Flicks From The Past!

The Belle’s of St Trinian’s

The antithesis of Enid Blyton…

Written By: Michaela Clement-Hayes

Date: 15th March, 2015

Before Rupert Everett donned the wig and skirts for the dual role of Miss and Mr Fritton in the 2007 film St Trinians, there was Alastair Sim.

Inspired by the works of Ronald Searle, The Belle’s of St Trinians is a film about a school that is the antithesis of Enid Blyton’s Mallory Towers or St Clare’s. The girls here are the daughters of crooks, gangsters and thieves; they riot, cause mayhem and have no morals.

In the first of the original St Trinian’s films, new girl Princess Fatima causes a stir as her father’s racehorse Arab Boy is predicted to win. Cue treachery and fraud as headmistress Miss Fritton (Alastair Sim) and pupils plot to put all of their money on the horse, while her brother Clarence (Alastair Sim) vows to steal the horse so his own horse will win.

The film is quintessentially British, with the boarding school concept, sexy school prefects and ragamuffin pupils, plus a collection of miscreant teachers and starring a collection of Carry On favourites including Sid James, Joan Sims, Irene Handl and Beryl Reid.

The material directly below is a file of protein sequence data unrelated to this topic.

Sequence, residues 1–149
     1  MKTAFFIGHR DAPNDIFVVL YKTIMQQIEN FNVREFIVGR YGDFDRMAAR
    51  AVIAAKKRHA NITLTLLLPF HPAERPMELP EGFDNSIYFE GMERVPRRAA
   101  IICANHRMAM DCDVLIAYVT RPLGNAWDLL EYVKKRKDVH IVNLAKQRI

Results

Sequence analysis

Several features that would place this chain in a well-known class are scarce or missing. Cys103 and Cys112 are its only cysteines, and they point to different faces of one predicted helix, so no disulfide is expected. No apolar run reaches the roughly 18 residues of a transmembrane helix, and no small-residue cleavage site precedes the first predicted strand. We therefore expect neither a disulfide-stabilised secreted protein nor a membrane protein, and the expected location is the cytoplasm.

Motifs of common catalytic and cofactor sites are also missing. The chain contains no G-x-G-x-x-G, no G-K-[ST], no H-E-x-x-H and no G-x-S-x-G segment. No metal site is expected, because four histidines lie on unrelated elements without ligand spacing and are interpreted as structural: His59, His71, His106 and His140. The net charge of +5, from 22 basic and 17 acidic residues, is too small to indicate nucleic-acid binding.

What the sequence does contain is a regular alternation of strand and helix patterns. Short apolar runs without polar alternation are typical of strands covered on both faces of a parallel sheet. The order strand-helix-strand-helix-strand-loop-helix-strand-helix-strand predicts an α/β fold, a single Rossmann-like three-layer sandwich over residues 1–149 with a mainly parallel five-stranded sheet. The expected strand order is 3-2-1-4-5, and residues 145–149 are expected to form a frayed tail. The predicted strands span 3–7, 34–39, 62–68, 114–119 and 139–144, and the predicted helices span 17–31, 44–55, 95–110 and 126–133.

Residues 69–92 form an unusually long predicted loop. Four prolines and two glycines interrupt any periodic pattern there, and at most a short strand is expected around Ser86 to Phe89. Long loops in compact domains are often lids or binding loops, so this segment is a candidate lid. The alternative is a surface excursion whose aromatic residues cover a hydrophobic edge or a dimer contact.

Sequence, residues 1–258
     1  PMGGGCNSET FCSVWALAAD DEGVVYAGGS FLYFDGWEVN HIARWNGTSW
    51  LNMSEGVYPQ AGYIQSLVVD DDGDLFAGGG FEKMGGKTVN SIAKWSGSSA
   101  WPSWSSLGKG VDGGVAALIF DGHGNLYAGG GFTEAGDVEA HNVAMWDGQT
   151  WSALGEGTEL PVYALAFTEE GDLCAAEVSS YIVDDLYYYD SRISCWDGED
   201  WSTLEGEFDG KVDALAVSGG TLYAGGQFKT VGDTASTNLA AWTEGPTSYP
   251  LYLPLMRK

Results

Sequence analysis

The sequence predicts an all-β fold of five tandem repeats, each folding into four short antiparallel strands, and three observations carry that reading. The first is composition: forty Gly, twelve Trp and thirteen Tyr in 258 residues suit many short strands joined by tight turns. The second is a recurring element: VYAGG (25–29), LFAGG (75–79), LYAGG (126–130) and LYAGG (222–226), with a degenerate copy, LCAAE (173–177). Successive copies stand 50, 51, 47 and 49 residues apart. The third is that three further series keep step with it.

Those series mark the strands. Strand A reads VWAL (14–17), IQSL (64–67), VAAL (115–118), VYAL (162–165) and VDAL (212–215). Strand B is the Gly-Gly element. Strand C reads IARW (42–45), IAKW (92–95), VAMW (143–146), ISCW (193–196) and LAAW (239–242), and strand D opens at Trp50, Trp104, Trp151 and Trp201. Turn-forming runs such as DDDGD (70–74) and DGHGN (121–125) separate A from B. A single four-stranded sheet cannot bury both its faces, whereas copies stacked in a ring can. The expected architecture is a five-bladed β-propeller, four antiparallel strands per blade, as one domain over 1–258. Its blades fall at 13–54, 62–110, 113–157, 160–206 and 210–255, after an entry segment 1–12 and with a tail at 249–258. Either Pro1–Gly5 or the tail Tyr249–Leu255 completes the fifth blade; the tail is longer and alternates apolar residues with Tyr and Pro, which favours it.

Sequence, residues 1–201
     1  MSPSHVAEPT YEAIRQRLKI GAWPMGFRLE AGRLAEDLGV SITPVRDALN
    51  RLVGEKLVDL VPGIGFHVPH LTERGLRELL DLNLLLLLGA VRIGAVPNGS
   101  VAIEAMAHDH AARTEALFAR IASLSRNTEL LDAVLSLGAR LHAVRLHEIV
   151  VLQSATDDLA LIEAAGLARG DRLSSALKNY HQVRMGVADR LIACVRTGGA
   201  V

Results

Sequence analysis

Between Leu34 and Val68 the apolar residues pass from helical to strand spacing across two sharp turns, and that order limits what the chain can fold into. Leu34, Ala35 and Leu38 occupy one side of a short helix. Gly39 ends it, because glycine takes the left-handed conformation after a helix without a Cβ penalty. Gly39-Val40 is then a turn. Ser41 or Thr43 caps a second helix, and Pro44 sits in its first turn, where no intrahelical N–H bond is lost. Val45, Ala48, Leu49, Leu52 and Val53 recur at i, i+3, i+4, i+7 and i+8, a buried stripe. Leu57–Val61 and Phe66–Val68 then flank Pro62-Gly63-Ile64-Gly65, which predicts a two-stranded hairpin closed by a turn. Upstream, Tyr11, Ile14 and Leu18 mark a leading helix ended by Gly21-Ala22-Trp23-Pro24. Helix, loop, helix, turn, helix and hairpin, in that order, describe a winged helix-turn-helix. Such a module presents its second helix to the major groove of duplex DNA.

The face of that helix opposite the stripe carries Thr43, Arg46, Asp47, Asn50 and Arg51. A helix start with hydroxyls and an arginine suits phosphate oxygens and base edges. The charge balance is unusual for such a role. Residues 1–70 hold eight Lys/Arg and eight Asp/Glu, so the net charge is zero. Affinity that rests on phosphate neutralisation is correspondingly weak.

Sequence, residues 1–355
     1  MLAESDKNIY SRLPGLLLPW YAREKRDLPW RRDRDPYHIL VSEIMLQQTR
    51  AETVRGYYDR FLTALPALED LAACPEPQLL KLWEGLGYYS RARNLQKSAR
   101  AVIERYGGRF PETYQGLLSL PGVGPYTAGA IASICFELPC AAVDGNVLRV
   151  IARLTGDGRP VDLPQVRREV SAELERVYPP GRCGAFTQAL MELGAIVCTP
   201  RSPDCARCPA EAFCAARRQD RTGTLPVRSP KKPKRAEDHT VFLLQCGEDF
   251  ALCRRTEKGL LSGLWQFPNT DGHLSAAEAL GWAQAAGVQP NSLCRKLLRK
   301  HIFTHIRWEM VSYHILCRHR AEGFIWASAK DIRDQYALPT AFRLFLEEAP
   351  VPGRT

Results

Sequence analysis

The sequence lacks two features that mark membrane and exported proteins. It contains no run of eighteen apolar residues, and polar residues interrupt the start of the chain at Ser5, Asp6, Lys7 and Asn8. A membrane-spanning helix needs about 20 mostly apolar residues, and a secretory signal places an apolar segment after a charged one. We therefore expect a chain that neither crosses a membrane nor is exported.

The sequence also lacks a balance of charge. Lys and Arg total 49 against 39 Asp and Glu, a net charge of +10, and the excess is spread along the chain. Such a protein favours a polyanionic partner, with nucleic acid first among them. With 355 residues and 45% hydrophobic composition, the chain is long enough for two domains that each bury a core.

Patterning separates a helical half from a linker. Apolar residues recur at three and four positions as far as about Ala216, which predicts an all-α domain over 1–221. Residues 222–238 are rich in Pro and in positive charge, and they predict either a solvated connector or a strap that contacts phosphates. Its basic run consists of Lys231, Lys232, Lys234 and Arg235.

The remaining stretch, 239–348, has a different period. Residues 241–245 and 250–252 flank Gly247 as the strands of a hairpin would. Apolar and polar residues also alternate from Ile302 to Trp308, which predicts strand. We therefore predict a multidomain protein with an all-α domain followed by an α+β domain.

Comedy is provided by George Coe (Flash Harry), the Cockney geezer who helps the girls out with their more ‘adult’ exploits – like gambling and Joyce Grenfell as WPC Gates, the hapless policewoman who is sent to the school undercover to find out what is going on. Flash Harry has his own little theme tune which is enough to put a smile on your face and Grenfell’s interpretation of her character in this film is hilarious.

The film is an arthouse classic – complete and utter chaos (but in a good way) with schoolgirls and teachers running riot. The humour is discreet, but hilarious; the pace relaxed until the battle at the end which erupts in an extremely messy fight. Yes, it’s a ridiculous wheeze and today’s audience might think it somewhat dull, but it’s a nice, harmless film.

Reading Enid Blyton made me think boarding school was a ripping idea, but watching the St Trinian’s films takes this to an entirely new level – school can be a dangerous place, but I wish I’d been there to take part in the danger!

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